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4. Choose how to buy your car insurance

Good news. Happy Black businessman in shirt talking by phone and smiling while at home
Friends Stock / Shutterstock
You might choose to buy your auto policy online.

After you've picked the insurer and have your policy parameters worked out, it's time to actually buy the insurance. You can purchase auto insurance either online, over the phone, or in person from an insurance agent or broker.

Each option has advantages and disadvantages:

Buying online

  • Pros: It's quick, convenient and casual. You can shop at your own pace, without having to face pushy sales tactics. And if you're already comparing quotes online, why not complete the sale there?
  • Cons: A quote you get online is just an estimate that may not be the same as your final price. And if you have questions, you may find the site's chat feature isn't perfect.

Buying by phone

  • Pros: It's a good choice if you're not comfortable making a major financial transaction online, and if you'd like to have a customer service rep talk you through the process.
  • Cons: Having to repeat key numbers and information multiple times, to make sure the representative has everything correct, can be annoying. And you may not feel completely certain about what you're getting until you receive a confirmation email.

Buying from an agent or broker

  • Pros: This is the way to go if you prefer the personal touch (socially distanced for COVID-19, of course). You'll have a professional who'll get to know you and will become someone you can turn to when you have questions or need to make a claim.
  • Cons: Insurance brokers may charge fees for their assistance. And while independent insurance agents offer policies from different insurance companies, "captive" agents represent just one insurer and won't be able to tell you if a competitor offers a better deal.

5. Cost-saving tips for buying car insurance

car insurance concept, person driver reading website on smartphone screen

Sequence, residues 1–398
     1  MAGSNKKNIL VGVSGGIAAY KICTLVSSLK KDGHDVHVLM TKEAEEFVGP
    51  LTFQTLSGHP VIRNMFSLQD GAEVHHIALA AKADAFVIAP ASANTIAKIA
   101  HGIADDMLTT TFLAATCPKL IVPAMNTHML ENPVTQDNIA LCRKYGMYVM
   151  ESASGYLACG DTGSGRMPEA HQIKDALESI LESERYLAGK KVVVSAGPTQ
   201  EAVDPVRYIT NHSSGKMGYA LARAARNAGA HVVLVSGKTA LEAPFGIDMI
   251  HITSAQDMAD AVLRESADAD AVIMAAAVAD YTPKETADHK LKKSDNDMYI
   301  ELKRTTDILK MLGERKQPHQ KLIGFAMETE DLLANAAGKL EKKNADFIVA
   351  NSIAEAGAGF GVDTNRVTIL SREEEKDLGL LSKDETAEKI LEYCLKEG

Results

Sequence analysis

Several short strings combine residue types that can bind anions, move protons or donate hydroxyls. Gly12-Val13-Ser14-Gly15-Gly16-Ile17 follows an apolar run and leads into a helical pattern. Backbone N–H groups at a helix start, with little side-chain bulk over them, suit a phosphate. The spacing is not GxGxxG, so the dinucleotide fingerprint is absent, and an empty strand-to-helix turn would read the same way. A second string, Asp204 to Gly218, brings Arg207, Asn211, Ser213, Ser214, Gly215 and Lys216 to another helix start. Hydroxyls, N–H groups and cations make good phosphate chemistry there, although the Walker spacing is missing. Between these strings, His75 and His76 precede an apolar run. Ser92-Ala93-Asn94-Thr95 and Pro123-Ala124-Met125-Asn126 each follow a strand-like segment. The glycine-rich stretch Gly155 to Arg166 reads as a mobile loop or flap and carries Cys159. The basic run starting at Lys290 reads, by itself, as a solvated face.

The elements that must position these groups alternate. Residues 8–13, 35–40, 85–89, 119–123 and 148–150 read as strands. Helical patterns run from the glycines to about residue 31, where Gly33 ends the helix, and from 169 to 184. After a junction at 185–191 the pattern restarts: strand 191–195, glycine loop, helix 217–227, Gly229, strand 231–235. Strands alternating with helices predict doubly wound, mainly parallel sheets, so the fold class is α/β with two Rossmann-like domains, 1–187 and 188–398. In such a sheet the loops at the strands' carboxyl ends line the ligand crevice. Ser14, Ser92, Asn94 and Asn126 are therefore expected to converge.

Song_about_summer / Shutterstock
You might get an insurance discount if you allow an app to monitor your driving.

As you're making your purchase, ask about the insurance company's discounts, or look through the list online. Typically, an insurer will have a page devoted to discounts on its website.

There are popular car insurance discounts if you:

  • Bundle your coverage. Most insurers will knock money off your premiums if you pool coverage on multiple cars or buy both your auto insurance and your homeowners insurance from the company.
  • Reduce driving: If you reduce your mileage significantly, your insurer will lower your rates. Less driving means less risk. In 2020, insurance companies have been cutting their rates across the board to reflect the drop in driving as many people work from home during the coronavirus pandemic.
  • Get the gadget (or app). Some insurance companies will offer better rates if you let them monitor your driving via a gadget in your vehicle or an app on your phone. If you're a person who doesn't speed or brake hard, you can be rewarded.
  • Take a course. Your insurer might offer a discount if you complete an approved defensive driving course. You'll save money as you gain more confidence in your driving skills.
  • Improve your credit rating. An insurer may take your credit rating into account when determining premiums, through something called a credit-based insurance score, or an insurance credit score. So, focus on improving your credit to make your auto insurance more affordable.


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Saving money on car insurance with BestMoney is a simple way to reduce your expenses. You’ll often get the same, or even better, insurance for less than what you’re paying right now.

There’s no reason not to at least try this free service. Check out BestMoney today, and take a turn in the right direction.

Ethan Rotberg Former Reporter

Ethan Rotberg was formerly a staff reporter at MoneyWise. His background includes nearly 15 years as a writer, editor, designer and communications professional. He loves storytelling, from feature writing to narrative podcasts. His work has appeared in the Toronto Star, CPA Canada and Metro, among others.